Lodbrok on
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    LodbrokLodbrok Registered User regular
    edited January 2008
    About goofy/regular riding riding and the angles your bindings should be mounted at... Unless all you do is hang out in the pipe, you do definitively want to decide which stance you prefer. I have my bindings mounted at 15 and 10 degrees respectively, and they are both angled forward, so to speak. I don't think I've ever met anyone who has bindings angled in opposite directions, as Tal seems to imply. The reason for this is that your turns WILL suffer if you do this. Look at a carving/alpine board some time and you will see what I mean. Yes, you should be able to ride your board in both directions, but save this for later. This "duck" thing might have its place, but if I remember correctly Terje Hakonsen used 15/10 and he did not have any problems in the pipe....

    Lodbrok on
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    DodgeBlanDodgeBlan PSN: dodgeblanRegistered User regular
    edited January 2008
    Nobody starts on a freestyle board... do they?

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    TalTal Registered User regular
    edited January 2008
    From what I've gathered they're more common / easier to learn on. Just because it's a freestyle board doesn't mean we're riding the rails and taking jumps on the beginner trails.

    Come to think of it, I'm not sure I've seen anything *but* freestyle boards so far...

    Tal on
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    SzechuanosaurusSzechuanosaurus Registered User, ClubPA regular
    edited January 2008
    Yeah, when I started out in the early nineties if you were renting chances are you'd end up with ski-style hardboots and a downhill board. Sucked. They would probably be fluorescent as well. Now rental shops all rent out soft boots and freeride or all-mountain boards. Rarely actual freestyle boards as they tend to have very tight cornering which can throw a beginner, I should imagine, but general purpose decks.

    Szechuanosaurus on
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    ins0mniacins0mniac Registered User regular
    edited January 2008
    As a beginning snowboarder myself who's pretty much got the basics down, I generally taught myself. For the first three times I went, I pretty much stayed on the little bunny hill until I got stopping down. Yeah sure learning how to carve is really cool and all, but when you're flying down the mountain and all of a sudden some little kid eats it in front of you, it would be nice to know how to stop instead of plowing into the kid.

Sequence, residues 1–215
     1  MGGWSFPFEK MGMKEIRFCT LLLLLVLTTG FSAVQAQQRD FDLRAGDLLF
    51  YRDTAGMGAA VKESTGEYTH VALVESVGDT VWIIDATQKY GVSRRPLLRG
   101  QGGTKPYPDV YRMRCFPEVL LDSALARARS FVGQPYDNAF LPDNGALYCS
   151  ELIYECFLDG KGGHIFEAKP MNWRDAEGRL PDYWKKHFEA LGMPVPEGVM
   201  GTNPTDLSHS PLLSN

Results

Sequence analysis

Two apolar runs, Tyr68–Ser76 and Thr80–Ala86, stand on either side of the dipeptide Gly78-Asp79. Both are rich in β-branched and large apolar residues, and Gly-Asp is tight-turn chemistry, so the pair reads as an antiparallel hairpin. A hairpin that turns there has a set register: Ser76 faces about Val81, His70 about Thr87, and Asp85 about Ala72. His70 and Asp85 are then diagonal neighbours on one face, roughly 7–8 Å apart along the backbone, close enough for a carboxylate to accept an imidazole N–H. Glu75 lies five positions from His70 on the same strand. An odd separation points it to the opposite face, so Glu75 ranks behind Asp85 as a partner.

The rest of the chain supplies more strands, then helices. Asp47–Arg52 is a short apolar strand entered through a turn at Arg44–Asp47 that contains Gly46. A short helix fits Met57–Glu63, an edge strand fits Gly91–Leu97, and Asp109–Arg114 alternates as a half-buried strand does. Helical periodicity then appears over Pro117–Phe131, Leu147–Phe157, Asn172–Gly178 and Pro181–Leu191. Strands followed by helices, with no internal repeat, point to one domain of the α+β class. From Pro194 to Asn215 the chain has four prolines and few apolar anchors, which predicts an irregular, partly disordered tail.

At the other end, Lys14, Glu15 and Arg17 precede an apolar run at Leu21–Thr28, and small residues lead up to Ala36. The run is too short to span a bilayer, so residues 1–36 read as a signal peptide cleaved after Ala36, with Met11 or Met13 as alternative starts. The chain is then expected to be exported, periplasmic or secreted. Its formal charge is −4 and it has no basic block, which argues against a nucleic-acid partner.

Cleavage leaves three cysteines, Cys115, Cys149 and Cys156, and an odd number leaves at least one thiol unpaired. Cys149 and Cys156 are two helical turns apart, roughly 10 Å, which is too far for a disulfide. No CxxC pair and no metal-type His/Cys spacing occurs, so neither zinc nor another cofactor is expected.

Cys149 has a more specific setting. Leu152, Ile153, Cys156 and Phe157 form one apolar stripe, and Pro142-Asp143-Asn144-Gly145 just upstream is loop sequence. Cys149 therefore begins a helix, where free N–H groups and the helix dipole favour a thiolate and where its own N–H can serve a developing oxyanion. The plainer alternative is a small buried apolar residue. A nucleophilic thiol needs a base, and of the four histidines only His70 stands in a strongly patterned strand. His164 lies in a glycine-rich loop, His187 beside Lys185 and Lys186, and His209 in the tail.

As for goofy/regular stance, I used to ride regular but it always felt a bit funny. So I went down to the ski shop and had them switch the bindings to goofy and I never looked back. I'm right handed as well, so it really doesn't have anything to do with being left or right handed.

    KEEP YOUR KNEES BENT.

    Seriously, if you lock up you're asking to catch a nasty edge and faceplant right into the snow. Also, when you're trying to turn/carve, look in the direction you want to turn and your body will naturally shift the weight. Even pointing in the direction you so desire can really help. Something I had a big problem with when I was first learning is that naturally you try to face your torso forward down the mountain. This is also asking to faceplant pretty bad.

    Also, I personally HATED step-in bindings. I used to rent but got my own board with regular strap in bindings for Chirstmas this year, and I much prefer those. Step-ins kind of suck because alot of the time snow will get packed in there and it's sometimes a bit frustrating to actually get them to snap in. I guess it's all based on personal preference.

    Goggles are a good investment, as not only do they help with snow glare during the day and/or night vision (you can get lenses specifically for day/night but there are also some designed for both) but they also add that extra layer of protection from the cold for your face. Wear a wicking layer as well. Underarmor and the like.

    Other than that, I don't have much to add as I'm still a beginner myself, but it's a great sport to get into and as they said, you will fall and fall often. Don't be afraid to fall or you'll never get any good. It comes with the territory.

    Also, as for the "butt pads" being described earlier: http://www.abc-of-snowboarding.com/shopitems/impact-protection/crossfirepaddedshort-mens-impact-protect.asp

    ins0mniac on
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    ege02ege02 __BANNED USERS regular
    edited January 2008
    Try riding (easy) trails that aren't too crowded. Perhaps the ones at the back of the mountain or something.

    You'll be less likely to collide with others, and it will hurt less when you fall because there will be more powder.

    ege02 on
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    ImprovoloneImprovolone Registered User regular
    edited January 2008
    My experience skiing in New England is that powder doesn't really exist. On a nice day, the ice has a good cover.

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    RaneadosRaneados police apologist you shouldn't have been there, obviouslyRegistered User regular
    edited January 2008
    I'm right footed but I snowboard facing the left

    I was always told the dominant foot should go in back

    goofy stance or whathaveyou

    I say mess around with it and see for yourself which way feels the best

    there will probably be little kids round. Even ones that are AMAZINGLY better than you

    do your best to try not to hit anyone, take an ass-fall if you have to, a snowboard to the back of the ankles/calfs/knees SUCKS

    Raneados on